1873: Black Canyon Road; Telegraph, November.
BLACK CANYON ROAD
"On Saturday, Wm. B. Hellings & Co. called a meeting at Phoenix for the purpose of raising funds to open up a new road through Black Canyon to Prescott and the Verde. Very few attended, but afterwards some of the principal farmers and others came forward and offered to assist in the enterprise. It is calculated that 25 men, in one month of time, can put the road through. Hellings & Co. offer to furnish 15 men and to board the whole party, some of whom have started for the locality this morning. Capt. Hancock has gone to lay out and survey the route."
"During the week Wm. B. Hellings & Co have purchased grain as follows: From J. Goldwater & Bro., 400,000 pounds wheat and 500,000 barley (Michael Goldwater informs me this is a conditional purchase); from H. Frank, 200,000 pounds of wheat; from Z. Jackson, 75,000 wheat. The wheat was purchased at two cents per pound. I did not learn the price for the barley. The same firm is now negotiating with Jas. A. Moore, of Maricopa Wells, for 600,000 pounds of wheat."
"On Tuesday, J. W. Swilling, J. J. Hill, W. A. Hancock and E. K. Baker went out to guide, survey and superintend. Yesterday, eighteen more men left to work on the same."
(The Weekly Arizona Miner; Prescott; September 27, 1873; page 1.)
FINISHED. --- The new road, from Phoenix, in the Salt River valley, to Camp Verde, in th Rio Verde valley, is completed. The first wagons have 'made the trip' with great ease. Freight between points above named is 2 1/2 cents per pound. Cause for congratulations on the Salt river, and elsewhere. This rules out New Mexico flour and grain, and gives our farmers and business men every facility for supplying the red men of the Verde reserve. W. B. Hellings & Co., who furnished the money, etc., to open this road, ought now to have the thanks of the people of Salt river."
"MANY CATTLE. --- This section of the Territory is rapidly filling up with cattle. ... A few days ago, Mr. John Roberts, one of our old-time citizens, arrived at the Verde, from Texas, with 1,700 head, which himself and partner, a Mr. Franks, sold to Messrs. G. W. Bowers and Hugo Richards. John came up here and was warmly greeted by old friends. We are pleased to be able to state that since leaving the Territory, he has amassed quite a fortune."
"General Crook left for camps Verde and Apache on Thursday last."
(The Weekly Arizona Miner; Prescott; November 1, 1873; page 3.)
"THE NEW ROAD: Next to the construction of the telegraph, the opening of the new road from Phoenix to Prescott will be of the greatest importance to this town and valley. Thanks to the enterprise and liberality of Wm. B. Hellings & Co., who undertook and successfully completed the same at a cost of several thousand dollars, the road is not only passable for the largest teams, but is an excellent road almost the entire distance."
"The stations and distances are as follows, starting from Phoenix: Maricopa Wells, 16 miles; New River, 18 miles; Agua Fria, 10 miles; Townsend's Ranch, 19 miles; Prescott, 32 miles.
"Making, in all 95 miles from Phoenix to Prescott, and somewhat less to the Verde. Grass, water and timber are said to be abundant along the whole road."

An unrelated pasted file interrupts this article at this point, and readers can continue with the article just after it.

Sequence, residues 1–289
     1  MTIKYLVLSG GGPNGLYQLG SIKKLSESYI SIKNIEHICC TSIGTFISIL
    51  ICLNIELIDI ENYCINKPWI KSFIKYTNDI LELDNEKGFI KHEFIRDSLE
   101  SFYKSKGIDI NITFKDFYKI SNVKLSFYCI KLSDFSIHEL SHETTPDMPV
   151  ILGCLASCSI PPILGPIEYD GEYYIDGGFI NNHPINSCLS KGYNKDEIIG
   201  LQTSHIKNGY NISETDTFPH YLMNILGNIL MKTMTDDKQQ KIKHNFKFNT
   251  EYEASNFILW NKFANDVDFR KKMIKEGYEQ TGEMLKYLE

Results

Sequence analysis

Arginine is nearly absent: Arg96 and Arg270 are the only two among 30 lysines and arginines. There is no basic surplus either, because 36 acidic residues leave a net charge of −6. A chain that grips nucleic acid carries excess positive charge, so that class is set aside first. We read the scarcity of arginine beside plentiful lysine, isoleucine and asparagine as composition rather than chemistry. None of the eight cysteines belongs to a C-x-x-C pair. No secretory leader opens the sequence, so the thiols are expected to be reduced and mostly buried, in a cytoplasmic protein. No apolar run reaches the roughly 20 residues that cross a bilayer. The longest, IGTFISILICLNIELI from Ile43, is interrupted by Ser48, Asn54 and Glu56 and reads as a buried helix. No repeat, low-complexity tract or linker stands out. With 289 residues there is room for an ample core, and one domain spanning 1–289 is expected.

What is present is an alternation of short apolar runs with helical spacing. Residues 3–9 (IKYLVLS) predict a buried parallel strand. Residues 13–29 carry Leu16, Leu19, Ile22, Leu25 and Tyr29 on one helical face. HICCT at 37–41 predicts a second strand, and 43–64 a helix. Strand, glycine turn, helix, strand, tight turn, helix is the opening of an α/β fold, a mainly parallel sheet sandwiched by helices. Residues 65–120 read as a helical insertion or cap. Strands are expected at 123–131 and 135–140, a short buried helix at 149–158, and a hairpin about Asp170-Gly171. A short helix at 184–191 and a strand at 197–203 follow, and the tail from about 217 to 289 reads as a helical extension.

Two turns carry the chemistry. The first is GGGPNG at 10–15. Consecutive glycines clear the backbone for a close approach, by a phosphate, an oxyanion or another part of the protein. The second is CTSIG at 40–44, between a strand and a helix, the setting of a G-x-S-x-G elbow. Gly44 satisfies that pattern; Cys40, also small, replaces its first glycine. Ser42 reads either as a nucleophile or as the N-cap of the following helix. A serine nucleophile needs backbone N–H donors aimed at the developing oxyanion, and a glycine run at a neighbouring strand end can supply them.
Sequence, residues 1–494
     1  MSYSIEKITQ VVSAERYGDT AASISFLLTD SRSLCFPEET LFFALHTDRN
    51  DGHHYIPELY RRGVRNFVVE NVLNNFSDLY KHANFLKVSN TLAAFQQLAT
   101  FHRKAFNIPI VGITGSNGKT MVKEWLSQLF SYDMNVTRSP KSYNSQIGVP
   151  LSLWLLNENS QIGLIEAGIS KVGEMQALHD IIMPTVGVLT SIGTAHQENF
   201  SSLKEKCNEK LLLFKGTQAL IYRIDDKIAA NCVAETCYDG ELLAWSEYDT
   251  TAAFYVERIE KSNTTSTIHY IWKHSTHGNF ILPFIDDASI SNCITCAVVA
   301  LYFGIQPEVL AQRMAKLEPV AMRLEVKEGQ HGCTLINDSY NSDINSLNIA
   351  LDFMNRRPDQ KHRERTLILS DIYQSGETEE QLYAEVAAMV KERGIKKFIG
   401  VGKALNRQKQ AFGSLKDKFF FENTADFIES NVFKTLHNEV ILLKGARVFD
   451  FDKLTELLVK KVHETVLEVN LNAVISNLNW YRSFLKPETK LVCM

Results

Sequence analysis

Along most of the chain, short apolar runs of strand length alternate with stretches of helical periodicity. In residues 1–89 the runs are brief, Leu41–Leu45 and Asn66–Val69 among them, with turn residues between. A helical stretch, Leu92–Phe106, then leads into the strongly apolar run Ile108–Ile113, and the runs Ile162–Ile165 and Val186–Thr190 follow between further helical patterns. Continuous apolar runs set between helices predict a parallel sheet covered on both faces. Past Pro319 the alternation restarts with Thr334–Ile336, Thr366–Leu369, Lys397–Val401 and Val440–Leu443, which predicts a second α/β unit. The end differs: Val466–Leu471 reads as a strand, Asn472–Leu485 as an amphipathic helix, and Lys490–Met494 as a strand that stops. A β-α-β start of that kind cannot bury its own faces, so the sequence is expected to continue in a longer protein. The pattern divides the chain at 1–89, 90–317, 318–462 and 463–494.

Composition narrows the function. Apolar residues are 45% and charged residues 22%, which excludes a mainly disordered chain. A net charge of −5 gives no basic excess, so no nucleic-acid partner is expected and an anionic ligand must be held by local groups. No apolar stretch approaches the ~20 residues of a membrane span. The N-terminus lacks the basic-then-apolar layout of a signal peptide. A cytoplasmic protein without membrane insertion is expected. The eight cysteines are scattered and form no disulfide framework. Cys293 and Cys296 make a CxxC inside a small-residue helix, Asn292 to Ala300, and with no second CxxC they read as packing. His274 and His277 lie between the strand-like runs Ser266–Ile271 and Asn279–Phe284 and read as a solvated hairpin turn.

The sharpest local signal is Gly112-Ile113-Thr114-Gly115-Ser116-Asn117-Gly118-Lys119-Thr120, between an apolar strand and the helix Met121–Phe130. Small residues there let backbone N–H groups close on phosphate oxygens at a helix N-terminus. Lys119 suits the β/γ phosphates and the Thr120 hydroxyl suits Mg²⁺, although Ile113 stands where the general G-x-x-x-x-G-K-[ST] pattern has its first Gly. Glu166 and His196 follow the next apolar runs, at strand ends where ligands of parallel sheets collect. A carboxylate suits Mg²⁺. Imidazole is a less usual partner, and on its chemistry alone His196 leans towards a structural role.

(The Weekly Arizona Miner; Prescott; November 8, 1873; page 1.)
"SHIPMENTS FOR THE WEEK: H. B. Hellings & Co., 65,000 lbs. flour and barley, per J. M. Bryan's train, to Camp Verde. This was sent over the new road. The same firm is loading another train for the same place. J. Goldwater & Bro., 40,000 lbs. barley to Verde." (The Weekly Arizona Miner; Prescott; November 8, 1873; page 1.)
"THE NEW ROAD, from Phoenix to Prescott and Verde, is spoken of, with great glee, by our Phoenix correspondent, who gives distances between watering stations, as well as the entire distance to Prescott, which is set down at 95 miles. Heavily laden wagons are now wending their way over the road, and we shall soon hear how they made the trip. Mr. A. Barnett, who, with Mr. S. C. Miller, has just come over the road in a buggy drawn by two animals, says that some grades are yet too short for large teams, but that a little more work and use will make of it a very fair road. The distance to Prescott can be cut down still more by taking a straight shute from Bowers' Agua Fria ranch to the mouth of Black Canyon." (The Weekly Arizona Miner; Prescott; November 8, 1873; page 3, column 1.)
"LATEST BY TELEGRAPH"
"YUMA, Nov. 13. --- The completion of the telegraph hence to Prescott has been a matter of great rejoicing, but no noisy demonstrations made."
"Sailed this day, steamer Gila, with freight and passengers for Ehrenberg and Mohave. She will return after meeting the Cocopah and transferring her burthen. In her freight list is 40 miles of telegraph wire to build a telegraph line to Camp Verde."
(The Weekly Arizona Miner; Prescott; November 15, 1873; page 2.)
"THE NEW ROAD. --- Mr. John Lutgerding, who arrived here from Verde a few days ago, informed us that he had just conducted a heavily laden train over the new road from Salt River, with very little trouble. It will take considerable travel and some more work to make an excellent road of it, but that it is soon sure to become." (The Weekly Arizona Miner; November 22, 1873; page 3.)
"THE SHIPMENTS: J. Goldwater & Bro., 50,000 lbs. of barley to the Verde." (The Weekly Arizona Miner; Prescott; November 29, 1873; page 1, column 2.)
"General Crook writes me that he thinks the Indians have left the Verde Reservation on account of the sickness there, and with no hostile intention."
SHIPMENTS: "J. Goldwater & Bro., 44,000 lbs. [barley] to Verde. ... During the last 15 days W. B. Hellings & Co have shipped 100,000 lbs. flour to Verde. ... Also, 125,000 lbs. barley to Verde."
(The Weekly Arizona Miner; Prescott; December 12, 1873; page 1.)